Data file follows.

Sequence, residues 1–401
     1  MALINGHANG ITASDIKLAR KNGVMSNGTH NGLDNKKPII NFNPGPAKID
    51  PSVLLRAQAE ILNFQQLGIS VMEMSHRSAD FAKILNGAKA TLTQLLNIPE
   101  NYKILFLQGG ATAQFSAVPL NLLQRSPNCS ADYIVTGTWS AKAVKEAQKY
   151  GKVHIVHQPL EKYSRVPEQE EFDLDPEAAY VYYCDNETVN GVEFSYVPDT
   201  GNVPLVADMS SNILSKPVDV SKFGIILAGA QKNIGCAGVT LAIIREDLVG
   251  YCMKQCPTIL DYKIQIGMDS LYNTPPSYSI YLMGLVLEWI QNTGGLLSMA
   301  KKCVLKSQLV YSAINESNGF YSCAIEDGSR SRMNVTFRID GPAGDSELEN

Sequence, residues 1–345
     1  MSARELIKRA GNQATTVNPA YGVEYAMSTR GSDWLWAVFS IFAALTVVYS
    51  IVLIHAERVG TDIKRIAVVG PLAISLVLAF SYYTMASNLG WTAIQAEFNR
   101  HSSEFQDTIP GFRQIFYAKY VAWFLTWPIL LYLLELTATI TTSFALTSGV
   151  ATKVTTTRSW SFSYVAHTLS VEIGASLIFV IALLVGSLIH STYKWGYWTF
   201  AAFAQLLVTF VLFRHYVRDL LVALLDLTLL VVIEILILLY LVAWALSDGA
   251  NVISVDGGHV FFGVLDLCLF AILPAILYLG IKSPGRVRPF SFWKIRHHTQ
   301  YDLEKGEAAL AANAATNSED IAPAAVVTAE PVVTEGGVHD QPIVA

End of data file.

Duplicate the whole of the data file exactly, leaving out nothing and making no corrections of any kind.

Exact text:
Sequence, residues 1–401
     1  MALINGHANG ITASDIKLAR KNGVMSNGTH NGLDNKKPII NFNPGPAKID
    51  PSVLLRAQAE ILNFQQLGIS VMEMSHRSAD FAKILNGAKA TLTQLLNIPE
   101  NYKILFLQGG ATAQFSAVPL NLLQRSPNCS ADYIVTGTWS AKAVKEAQKY
   151  GKVHIVHQPL EKYSRVPEQE EFDLDPEAAY VYYCDNETVN GVEFSYVPDT
   201  GNVPLVADMS SNILSKPVDV SKFGIILAGA QKNIGCAGVT LAIIREDLVG
   251  YCMKQCPTIL DYKIQIGMDS LYNTPPSYSI YLMGLVLEWI QNTGGLLSMA
   301  KKCVLKSQLV YSAINESNGF YSCAIEDGSR SRMNVTFRID GPAGDSELEN

Sequence, residues 1–345
     1  MSARELIKRA GNQATTVNPA YGVEYAMSTR GSDWLWAVFS IFAALTVVYS
    51  IVLIHAERVG TDIKRIAVVG PLAISLVLAF SYYTMASNLG WTAIQAEFNR
   101  HSSEFQDTIP GFRQIFYAKY VAWFLTWPIL LYLLELTATI TTSFALTSGV
   151  ATKVTTTRSW SFSYVAHTLS VEIGASLIFV IALLVGSLIH STYKWGYWTF
   201  AAFAQLLVTF VLFRHYVRDL LVALLDLTLL VVIEILILLY LVAWALSDGA
   251  NVISVDGGHV FFGVLDLCLF AILPAILYLG IKSPGRVRPF SFWKIRHHTQ
   301  YDLEKGEAAL AANAATNSED IAPAAVVTAE PVVTEGGVHD QPIVA